Texas Cities That Defy the Stereotypes

Many people who don’t live in the Lone Star State assume every city is alike, filled with people who drive pickup trucks with gun racks, wear cowboy hats and listen to country music. But that’s certainly not the case in every Texas city. My beautiful home state has so much to offer and these Texas cities that defy the stereotypes are just the beginning!

Dallas

Walking the streets of downtown Dallas, you may not even hear people speaking with a typical Texan/southern drawl. There are transplants from around the country and well-beyond, with lots of people wearing business attire, sans the big hat or big hair.

In fact, the only place you’re likely to find the Texas stereotype here is over at South Fork, which served as the setting for the hit TV show “Dallas.” If you’re looking for a modern city with a diverse array of cuisine and plenty of upscale shopping, you might want to start searching through houses for sale in Dallas, Tx.

Neighborhoods here have been transformed into trendy hotspots and concrete jungles into enticing community spaces. The Deep Ellum community has a hipster ambience with over 30 live music venues, glamorous cocktail bars and lots of funky murals created by local artists, while Klyde Warren Park is a popular grassy gathering place where many come to sample the tasty fare at multiple food trucks with a whole lot more than BBQ on offer.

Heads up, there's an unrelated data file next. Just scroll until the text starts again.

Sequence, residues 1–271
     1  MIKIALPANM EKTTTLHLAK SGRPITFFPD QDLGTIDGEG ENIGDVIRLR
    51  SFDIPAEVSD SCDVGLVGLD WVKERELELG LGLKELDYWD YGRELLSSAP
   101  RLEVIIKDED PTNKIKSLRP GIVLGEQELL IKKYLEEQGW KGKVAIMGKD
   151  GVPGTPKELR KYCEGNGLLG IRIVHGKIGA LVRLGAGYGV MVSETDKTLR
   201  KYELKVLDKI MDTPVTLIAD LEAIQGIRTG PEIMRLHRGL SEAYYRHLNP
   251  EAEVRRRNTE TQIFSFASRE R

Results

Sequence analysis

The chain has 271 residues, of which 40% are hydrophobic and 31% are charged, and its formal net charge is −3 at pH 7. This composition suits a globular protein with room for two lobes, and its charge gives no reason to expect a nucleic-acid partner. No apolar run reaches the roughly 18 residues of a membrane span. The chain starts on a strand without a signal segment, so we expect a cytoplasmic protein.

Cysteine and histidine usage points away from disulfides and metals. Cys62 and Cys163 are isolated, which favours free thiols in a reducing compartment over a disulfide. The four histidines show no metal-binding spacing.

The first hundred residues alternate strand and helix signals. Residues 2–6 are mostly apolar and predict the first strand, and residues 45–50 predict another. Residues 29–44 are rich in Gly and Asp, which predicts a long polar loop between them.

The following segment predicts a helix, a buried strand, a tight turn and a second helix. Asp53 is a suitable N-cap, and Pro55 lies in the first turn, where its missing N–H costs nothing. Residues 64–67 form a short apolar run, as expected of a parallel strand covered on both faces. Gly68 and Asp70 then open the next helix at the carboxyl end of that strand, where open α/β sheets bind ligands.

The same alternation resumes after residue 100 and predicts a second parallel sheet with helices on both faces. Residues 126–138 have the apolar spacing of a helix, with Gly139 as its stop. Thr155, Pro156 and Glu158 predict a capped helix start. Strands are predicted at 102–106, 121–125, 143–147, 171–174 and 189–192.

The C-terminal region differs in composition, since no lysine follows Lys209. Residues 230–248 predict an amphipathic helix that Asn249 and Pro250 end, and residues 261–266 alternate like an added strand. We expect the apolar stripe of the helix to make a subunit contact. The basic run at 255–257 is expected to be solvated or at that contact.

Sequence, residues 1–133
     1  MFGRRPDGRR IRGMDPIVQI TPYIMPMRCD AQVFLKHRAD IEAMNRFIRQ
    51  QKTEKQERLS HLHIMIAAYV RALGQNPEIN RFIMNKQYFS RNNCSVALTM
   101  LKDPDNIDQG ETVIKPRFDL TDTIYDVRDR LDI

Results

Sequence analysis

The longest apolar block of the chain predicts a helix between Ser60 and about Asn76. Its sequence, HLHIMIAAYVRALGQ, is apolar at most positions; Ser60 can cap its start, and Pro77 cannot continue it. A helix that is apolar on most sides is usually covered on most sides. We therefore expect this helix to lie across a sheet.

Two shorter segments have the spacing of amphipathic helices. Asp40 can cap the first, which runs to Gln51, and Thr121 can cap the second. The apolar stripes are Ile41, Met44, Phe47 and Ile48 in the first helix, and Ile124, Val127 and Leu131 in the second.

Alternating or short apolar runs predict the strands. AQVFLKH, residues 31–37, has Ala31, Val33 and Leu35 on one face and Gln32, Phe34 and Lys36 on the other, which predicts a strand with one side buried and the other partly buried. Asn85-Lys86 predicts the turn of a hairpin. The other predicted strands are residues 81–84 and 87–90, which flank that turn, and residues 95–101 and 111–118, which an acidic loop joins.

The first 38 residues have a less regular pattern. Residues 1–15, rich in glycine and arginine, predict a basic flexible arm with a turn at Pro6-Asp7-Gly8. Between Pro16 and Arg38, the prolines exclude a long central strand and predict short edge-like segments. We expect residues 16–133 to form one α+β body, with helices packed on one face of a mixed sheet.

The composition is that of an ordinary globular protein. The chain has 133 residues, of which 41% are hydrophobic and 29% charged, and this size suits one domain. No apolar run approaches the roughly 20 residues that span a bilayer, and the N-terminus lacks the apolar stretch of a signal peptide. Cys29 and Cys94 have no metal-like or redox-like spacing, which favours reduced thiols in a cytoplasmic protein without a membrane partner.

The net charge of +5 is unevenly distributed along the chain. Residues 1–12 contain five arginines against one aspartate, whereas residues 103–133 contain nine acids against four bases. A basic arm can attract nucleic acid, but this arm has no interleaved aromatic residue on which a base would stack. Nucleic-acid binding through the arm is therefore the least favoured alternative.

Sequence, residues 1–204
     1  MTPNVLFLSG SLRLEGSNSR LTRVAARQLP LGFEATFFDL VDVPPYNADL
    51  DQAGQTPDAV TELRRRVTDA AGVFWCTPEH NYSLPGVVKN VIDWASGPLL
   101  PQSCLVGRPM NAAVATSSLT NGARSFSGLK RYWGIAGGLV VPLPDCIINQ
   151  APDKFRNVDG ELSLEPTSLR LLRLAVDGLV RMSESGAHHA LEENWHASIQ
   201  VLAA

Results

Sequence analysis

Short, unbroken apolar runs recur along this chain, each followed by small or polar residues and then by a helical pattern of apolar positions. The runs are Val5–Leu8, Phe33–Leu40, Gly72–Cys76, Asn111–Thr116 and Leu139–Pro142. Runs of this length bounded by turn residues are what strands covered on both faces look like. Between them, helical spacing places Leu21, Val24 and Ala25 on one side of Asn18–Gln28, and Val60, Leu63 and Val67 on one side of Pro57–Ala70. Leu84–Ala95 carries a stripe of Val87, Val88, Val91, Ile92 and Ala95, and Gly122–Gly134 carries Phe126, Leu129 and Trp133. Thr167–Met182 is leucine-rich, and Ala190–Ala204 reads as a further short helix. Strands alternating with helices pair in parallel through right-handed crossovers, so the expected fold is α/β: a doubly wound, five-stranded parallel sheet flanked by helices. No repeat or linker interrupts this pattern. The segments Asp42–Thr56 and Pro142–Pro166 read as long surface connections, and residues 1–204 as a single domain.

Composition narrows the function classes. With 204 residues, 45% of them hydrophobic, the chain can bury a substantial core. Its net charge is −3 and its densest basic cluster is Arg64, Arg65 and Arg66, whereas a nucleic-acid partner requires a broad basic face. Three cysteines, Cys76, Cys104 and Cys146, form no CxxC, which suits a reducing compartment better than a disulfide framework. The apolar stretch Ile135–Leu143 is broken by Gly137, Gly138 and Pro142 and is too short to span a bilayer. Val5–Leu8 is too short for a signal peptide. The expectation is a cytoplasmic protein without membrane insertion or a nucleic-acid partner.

Austin

One of the most unique cities in the entire country, Austin boasts a vibrant cultural scene, a happening entertainment district and an incredible music scene that’s often ranked among some of the nation’s best – and it’s certainly not all country, far from it. You’ll find plenty of indie, rock, alternative, jazz, you name it. Austindetours.com reports that its music scene generates 1.7 billion dollars annually for the local economy.

You know the saying “Keep Austin weird?” Well, many feel that’s what makes this city so great, it’s certainly not your usual Texas city.

Houston

Texas stereotypes don’t apply in Houston either. It’s one of the state’s most diverse cities – a striking contrast to what many believe the typical southern town is.

The L.A. Times reported in 2017 that it’s now the most racially and ethnically diverse major metropolis in the entire nation, having surpassed New York in 2010. Spend an evening at one of the frequent art shows, and you’re likely to encounter Houstonians of just about every origin, from Indonesian and Pakistani to Nigerian and Thai. The Bayou City has become the ideal place for immigrants to achieve the American dream.

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